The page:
Stakeholders kick against NCS Act, say law contradicts int’l trade practice

Months after the Nigeria Customs Service Act (NCSA) 2023 was assented to by ex-President Muhammadu Buhari, the legislation has again been rejected by stakeholders who claim their inputs were not accommodated in the final draft.

The NCS Act, which they said comes with clauses that hinder import, export, manufacturing as well as other international trade procedures and practices, was rejected four times by the presidency before it was signed.

Despite the controversies surrounding the legislation, it was signed into law on April 20, 2023. This has compelled the National Council of Managing Directors of Licensed Customs Agents (NCMDLCA) to petition President Bola Tinubu over what they call “illegal passage”.

In a 36-page petition sent to the president with a copy made available to The Guardian, the president of NCMDLCA, Lucky Amiwero, said the act is in conflict with other government agencies’ functions and contravenes international best practices on global trade procedures and practices.

Amiwero said that the defective act was rejected several times by Buhari in 2013, 2016 and two other times due to the flawed clauses it contained that are detrimental to trade.

He said the piece of legislation was not subjected to stakeholders’ engagement with the Senate, who are waiting to rectify the defects noticed in the House of Representatives public hearing and other controversies.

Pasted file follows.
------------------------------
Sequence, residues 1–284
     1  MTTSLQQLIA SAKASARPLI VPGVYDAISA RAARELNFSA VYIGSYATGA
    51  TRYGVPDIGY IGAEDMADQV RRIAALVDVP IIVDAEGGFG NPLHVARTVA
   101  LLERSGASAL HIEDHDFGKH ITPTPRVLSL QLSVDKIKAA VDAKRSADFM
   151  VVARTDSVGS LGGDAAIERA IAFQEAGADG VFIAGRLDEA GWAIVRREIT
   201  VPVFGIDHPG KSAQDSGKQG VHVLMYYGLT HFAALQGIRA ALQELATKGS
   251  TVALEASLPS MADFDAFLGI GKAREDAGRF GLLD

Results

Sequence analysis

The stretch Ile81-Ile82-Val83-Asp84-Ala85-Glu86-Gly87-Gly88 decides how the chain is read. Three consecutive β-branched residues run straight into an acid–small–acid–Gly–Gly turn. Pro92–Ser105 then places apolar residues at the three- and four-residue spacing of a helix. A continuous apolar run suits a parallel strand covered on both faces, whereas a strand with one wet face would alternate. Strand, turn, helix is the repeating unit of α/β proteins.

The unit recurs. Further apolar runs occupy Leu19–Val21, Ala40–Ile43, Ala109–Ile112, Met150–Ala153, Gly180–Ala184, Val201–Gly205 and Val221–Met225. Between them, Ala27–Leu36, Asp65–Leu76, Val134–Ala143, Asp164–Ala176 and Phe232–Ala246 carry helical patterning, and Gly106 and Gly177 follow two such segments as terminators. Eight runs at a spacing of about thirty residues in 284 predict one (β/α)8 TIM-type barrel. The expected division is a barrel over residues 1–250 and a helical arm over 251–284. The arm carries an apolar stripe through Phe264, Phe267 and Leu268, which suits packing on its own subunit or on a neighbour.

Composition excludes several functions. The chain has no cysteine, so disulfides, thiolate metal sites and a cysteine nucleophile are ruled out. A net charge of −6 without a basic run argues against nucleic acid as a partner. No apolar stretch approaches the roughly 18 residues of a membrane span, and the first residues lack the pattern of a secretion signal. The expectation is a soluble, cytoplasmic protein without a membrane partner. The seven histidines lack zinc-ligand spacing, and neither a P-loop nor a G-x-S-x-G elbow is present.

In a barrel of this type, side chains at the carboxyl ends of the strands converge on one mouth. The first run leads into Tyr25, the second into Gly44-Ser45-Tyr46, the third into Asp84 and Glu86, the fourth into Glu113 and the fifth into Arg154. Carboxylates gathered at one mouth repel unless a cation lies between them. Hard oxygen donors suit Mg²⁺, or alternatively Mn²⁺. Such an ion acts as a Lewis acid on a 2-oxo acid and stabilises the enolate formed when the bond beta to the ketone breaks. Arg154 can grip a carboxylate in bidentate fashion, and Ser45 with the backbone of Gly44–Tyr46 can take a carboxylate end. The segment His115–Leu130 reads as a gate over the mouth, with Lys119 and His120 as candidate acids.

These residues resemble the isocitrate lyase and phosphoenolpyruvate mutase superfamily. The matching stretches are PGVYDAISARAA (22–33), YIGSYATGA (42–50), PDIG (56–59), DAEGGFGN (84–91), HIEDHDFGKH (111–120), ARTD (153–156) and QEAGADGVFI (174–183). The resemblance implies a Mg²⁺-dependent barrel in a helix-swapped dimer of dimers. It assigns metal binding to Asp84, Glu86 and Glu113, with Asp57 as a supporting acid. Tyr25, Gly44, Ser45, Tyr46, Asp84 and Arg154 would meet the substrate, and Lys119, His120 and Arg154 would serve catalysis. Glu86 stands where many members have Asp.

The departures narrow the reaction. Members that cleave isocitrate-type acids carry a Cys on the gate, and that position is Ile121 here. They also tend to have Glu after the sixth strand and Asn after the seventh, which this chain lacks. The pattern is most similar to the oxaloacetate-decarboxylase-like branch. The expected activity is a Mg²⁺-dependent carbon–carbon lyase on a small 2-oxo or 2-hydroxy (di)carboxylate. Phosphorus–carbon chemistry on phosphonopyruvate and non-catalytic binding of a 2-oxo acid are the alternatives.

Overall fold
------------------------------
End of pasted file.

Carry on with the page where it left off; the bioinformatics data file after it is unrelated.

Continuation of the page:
Amiwero said the stakeholders who include the agencies of government, ministries departments and agencies (MDAs) and the private sector were shocked to hear that the rejected document was signed a few weeks before the exit of the previous administration.

He highlighted some of the sections of the NSC Act 35 of 2023 that need urgent amendment so as not to hinder trade, direct foreign investment and conflict with other government agencies.

They include the complete removal of the Minister of Finance from critical aspects of the economy, with regards to import, export, manufacturing and other matters, conflict and contradiction on the application of valuation procedure, conflict with the Central Bank of Nigeria (CBN) on their statutory function and non-inclusion of the discipline and tenure of the customs comptroller-general.

Others are the NCS board limitation in functions and lack of governing power, concentration of the single window platform on the NSC in contravention of United Nations Centre for Trade Facilitation and Electronic Business (UN/CEFACT) recommendation among others.

He urged the President to, as a matter of urgency, set up a committee of experts on trade procedure to rectify the defect of the Act, by the Presidency, Secretary to the Government of the Federation and the Minister of Finance who is to coordinate the fragile economy.